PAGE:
Sunday, April 1, 2012

Apr 1, 2012: Erv's Field Notes #29

 Ant mound revealed after recent prescribed prairie burn north of Stonebrooke, 4/1/12 (Kevin Kane)

Saturday, March 31, 2012. 1:15-2:30 pm. Overcast. Temperature 58 degrees F. Moderate breeze from the south. A thunderstorm Thursday evening about dumped about an inch of rain on the park. The shallow pond in the middle wetland complex that has been nearly dry most of the winter now is about half full. However, the water level is not yet high enough to flow into the south lake. The south lake has risen about 6 inches since I was last here but no water is flowing through the outlet to the Skunk River.

Starting at the Ding Darling rock, I walked clockwise around the south lake. Waterfowl on the lake: 15 Canada Geese, 30 Gadwall, 7 Shovellers, 10 Mallards, and 5 Ruddy Ducks. Also, one Pied-bill Grebe. As I rounded the bend at the main outlet, I saw 10 Double-crested Cormorants fly in from the south and land in the lake just east of the bluff. About 15 minutes later, they all got up and flew due north.
Other birds seen: Red-winged Blackbird, Common Grackle, Red-bellied Woodpecker, Flicker, Red-tailed Hawk, American Crow, Black-capped Chickadee, Brown-headed Cowbird, Robin, Cardinal, and a Fox Sparrow.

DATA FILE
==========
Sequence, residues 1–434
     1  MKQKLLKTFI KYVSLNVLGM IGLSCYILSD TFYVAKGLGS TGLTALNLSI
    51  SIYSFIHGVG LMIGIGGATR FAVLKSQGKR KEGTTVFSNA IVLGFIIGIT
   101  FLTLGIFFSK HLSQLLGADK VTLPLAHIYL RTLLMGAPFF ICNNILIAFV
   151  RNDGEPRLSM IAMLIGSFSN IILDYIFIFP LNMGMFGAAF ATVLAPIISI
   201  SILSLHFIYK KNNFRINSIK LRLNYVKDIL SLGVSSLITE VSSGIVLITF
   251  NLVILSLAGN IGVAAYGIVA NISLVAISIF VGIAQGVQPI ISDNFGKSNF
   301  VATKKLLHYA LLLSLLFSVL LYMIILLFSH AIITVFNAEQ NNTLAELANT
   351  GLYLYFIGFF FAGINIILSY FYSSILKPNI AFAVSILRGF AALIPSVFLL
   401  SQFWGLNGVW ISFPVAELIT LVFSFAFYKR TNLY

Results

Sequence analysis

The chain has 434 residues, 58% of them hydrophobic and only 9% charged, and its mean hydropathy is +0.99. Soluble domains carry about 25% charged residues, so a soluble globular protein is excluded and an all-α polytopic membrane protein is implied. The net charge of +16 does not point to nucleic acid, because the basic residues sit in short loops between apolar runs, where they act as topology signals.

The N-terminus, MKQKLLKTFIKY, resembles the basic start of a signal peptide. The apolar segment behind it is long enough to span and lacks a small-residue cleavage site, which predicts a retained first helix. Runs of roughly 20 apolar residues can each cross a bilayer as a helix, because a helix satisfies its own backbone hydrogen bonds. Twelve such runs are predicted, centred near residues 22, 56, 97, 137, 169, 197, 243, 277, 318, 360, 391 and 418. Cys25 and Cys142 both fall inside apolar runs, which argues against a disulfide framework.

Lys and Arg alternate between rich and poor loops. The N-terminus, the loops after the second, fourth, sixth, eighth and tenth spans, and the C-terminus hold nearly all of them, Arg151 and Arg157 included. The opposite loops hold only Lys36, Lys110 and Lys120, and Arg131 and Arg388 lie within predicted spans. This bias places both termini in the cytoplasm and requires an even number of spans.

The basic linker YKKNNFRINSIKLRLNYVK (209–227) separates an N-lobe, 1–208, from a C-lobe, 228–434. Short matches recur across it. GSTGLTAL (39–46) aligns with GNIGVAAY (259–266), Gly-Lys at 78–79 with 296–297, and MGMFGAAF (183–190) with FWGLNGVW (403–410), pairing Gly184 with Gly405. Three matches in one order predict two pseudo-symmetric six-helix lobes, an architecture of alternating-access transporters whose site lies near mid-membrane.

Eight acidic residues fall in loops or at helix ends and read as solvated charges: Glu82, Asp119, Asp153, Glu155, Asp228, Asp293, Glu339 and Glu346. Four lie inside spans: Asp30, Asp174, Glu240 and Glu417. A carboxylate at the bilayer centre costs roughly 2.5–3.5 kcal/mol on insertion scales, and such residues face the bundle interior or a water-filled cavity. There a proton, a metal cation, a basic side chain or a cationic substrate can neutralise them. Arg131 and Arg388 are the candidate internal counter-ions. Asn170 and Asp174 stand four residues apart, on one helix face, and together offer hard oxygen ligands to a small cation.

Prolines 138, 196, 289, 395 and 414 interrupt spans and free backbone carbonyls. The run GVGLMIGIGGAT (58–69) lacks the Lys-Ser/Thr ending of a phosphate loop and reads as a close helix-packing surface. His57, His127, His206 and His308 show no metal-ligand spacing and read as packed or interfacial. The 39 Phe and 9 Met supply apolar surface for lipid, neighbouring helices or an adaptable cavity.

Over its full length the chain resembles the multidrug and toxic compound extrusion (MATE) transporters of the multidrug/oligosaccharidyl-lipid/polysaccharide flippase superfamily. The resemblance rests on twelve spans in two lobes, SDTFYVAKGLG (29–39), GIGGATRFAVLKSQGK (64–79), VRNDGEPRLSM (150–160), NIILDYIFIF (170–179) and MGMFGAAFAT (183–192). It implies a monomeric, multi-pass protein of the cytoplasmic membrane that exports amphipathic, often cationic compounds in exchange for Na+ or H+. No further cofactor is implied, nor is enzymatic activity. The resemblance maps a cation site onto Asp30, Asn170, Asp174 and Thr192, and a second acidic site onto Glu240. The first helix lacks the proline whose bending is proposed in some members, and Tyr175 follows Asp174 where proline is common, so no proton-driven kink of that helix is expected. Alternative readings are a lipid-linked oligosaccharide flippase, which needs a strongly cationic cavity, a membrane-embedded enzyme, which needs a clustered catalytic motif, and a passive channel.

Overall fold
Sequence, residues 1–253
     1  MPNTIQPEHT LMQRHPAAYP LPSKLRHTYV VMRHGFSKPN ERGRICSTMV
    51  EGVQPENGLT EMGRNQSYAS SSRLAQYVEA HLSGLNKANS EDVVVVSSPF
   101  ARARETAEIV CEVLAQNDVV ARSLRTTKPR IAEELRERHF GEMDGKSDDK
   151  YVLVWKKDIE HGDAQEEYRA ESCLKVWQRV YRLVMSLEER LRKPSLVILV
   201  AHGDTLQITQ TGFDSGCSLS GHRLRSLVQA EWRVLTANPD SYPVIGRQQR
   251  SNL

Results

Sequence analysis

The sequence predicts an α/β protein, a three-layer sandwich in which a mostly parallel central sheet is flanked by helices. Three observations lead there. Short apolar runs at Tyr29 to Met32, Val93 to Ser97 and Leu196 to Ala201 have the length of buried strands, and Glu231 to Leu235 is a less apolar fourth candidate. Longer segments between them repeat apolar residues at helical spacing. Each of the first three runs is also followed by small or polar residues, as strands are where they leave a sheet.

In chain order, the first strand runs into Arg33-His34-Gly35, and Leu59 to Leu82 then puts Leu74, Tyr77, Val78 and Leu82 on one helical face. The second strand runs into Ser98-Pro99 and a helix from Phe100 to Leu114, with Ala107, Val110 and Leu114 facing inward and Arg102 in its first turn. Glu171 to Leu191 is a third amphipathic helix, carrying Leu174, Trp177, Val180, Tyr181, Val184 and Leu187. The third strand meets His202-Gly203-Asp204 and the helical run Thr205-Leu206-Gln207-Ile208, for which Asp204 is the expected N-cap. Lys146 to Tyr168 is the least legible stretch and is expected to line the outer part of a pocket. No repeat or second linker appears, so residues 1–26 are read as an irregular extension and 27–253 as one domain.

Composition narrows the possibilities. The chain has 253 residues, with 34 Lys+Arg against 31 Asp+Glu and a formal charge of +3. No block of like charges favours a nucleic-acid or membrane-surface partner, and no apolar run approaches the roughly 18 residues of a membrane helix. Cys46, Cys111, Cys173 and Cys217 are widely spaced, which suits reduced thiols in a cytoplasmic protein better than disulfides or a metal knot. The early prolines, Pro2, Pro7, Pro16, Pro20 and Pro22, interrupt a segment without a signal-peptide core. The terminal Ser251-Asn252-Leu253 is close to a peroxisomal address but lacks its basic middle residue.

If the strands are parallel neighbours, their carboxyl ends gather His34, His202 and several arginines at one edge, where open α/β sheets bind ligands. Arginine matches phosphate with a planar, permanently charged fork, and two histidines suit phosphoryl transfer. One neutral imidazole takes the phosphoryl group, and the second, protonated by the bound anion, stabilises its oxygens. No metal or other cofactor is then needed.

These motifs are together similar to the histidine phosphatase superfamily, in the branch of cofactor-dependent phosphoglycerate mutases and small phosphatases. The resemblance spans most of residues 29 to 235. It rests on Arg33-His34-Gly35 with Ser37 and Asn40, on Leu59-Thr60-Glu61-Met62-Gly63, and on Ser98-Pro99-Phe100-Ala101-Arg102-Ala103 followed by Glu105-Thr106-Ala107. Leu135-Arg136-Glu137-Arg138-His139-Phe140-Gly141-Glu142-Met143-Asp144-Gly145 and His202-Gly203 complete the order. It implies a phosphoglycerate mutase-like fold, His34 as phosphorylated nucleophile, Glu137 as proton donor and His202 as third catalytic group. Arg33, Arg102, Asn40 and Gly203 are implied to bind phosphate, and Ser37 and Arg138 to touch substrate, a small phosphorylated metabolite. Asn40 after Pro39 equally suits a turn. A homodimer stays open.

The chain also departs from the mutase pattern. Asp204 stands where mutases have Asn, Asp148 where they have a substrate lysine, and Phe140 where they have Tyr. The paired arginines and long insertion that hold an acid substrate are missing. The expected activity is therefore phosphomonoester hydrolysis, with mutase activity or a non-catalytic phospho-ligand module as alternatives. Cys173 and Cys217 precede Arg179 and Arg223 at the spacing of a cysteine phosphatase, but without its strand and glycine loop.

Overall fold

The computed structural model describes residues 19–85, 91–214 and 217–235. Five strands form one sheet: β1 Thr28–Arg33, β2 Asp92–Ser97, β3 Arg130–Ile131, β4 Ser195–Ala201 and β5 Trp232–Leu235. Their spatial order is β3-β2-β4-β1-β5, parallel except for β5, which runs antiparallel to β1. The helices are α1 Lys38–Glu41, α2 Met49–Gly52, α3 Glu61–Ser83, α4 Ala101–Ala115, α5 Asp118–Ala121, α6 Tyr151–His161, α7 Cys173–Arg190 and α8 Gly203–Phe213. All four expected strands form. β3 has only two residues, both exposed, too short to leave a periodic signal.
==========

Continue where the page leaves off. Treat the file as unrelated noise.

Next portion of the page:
There were 16 Blue-winged Teal swimming in the half-filled pond on the middle wetland. Fourteen of these were paired and two were bachelor males. Blue-winged Teal are unusual among migratory waterfowl in that they travel all the way to South America for the winter. Most of our waterfowl go only as far as the Gulf Coast. Thus, Blue-wings can be thought of as neo-tropical migrants. Unlike geese, ducks to not mate for life, but form new pairs each spring. Blue-wings mate during their spring migration and will begin nesting as soon as they arrive on their chosen breeding grounds. A few pairs of Blue-winged Teal may nest in Story County but most continue on north to the Prairie Pothole Region. The most common duck species nesting in northern Iowa wetlands are Mallards and Blue-winged Teal.

The prairie next to Stonebrooke has been treated with a prescribed burn recently. The burn revealed several mounds constructed by mound-building ants, a common species in Iowa's native prairies (see photo above).

Erv Klaas

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